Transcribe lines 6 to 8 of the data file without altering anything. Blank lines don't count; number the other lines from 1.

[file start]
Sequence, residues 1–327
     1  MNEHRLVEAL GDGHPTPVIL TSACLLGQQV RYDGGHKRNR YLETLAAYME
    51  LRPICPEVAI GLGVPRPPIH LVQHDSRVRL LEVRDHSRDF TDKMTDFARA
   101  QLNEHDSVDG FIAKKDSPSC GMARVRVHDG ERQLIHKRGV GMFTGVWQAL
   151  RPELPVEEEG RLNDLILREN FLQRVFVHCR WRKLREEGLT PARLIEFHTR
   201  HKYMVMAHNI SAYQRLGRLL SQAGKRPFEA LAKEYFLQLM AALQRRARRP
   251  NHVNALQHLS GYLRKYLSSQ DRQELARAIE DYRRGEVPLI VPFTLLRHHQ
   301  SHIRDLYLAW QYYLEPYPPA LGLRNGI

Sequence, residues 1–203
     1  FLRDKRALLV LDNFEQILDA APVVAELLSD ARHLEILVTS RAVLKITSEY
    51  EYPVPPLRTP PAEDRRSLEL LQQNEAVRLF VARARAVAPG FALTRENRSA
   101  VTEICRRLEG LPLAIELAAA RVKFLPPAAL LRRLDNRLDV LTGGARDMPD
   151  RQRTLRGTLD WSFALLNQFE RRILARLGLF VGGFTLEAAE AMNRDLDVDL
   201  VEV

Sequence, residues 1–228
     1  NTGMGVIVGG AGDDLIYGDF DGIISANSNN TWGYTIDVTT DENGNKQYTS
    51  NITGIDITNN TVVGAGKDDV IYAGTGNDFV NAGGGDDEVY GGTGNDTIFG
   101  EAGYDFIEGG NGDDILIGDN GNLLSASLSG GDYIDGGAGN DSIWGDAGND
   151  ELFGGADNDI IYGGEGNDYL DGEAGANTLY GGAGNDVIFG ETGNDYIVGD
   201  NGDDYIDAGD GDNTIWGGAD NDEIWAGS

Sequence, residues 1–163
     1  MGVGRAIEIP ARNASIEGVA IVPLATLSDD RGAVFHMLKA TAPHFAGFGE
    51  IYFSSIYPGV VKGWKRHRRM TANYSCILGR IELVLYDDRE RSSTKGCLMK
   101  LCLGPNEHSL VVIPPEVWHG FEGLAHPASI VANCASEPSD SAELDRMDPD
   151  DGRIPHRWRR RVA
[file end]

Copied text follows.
   201  HKYMVMAHNI SAYQRLGRLL SQAGKRPFEA LAKEYFLQLM AALQRRARRP
   251  NHVNALQHLS GYLRKYLSSQ DRQELARAIE DYRRGEVPLI VPFTLLRHHQ
   301  SHIRDLYLAW QYYLEPYPPA LGLRNGI